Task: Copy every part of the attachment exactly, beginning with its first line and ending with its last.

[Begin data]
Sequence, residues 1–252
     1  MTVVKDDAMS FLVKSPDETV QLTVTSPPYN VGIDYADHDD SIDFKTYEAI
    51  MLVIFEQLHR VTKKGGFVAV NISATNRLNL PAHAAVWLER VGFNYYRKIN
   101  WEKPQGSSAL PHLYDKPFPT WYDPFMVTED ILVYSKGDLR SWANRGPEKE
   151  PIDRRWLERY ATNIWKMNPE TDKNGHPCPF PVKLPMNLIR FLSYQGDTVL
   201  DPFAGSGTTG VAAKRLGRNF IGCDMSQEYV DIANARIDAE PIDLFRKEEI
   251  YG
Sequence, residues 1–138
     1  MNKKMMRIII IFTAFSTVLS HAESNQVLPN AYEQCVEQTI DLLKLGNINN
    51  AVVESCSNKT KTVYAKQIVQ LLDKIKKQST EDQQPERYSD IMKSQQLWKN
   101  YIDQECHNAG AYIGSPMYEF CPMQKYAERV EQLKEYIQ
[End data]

Sequence, residues 1–252
     1  MTVVKDDAMS FLVKSPDETV QLTVTSPPYN VGIDYADHDD SIDFKTYEAI
    51  MLVIFEQLHR VTKKGGFVAV NISATNRLNL PAHAAVWLER VGFNYYRKIN
   101  WEKPQGSSAL PHLYDKPFPT WYDPFMVTED ILVYSKGDLR SWANRGPEKE
   151  PIDRRWLERY ATNIWKMNPE TDKNGHPCPF PVKLPMNLIR FLSYQGDTVL
   201  DPFAGSGTTG VAAKRLGRNF IGCDMSQEYV DIANARIDAE PIDLFRKEEI
   251  YG
Sequence, residues 1–138
     1  MNKKMMRIII IFTAFSTVLS HAESNQVLPN AYEQCVEQTI DLLKLGNINN
    51  AVVESCSNKT KTVYAKQIVQ LLDKIKKQST EDQQPERYSD IMKSQQLWKN
   101  YIDQECHNAG AYIGSPMYEF CPMQKYAERV EQLKEYIQ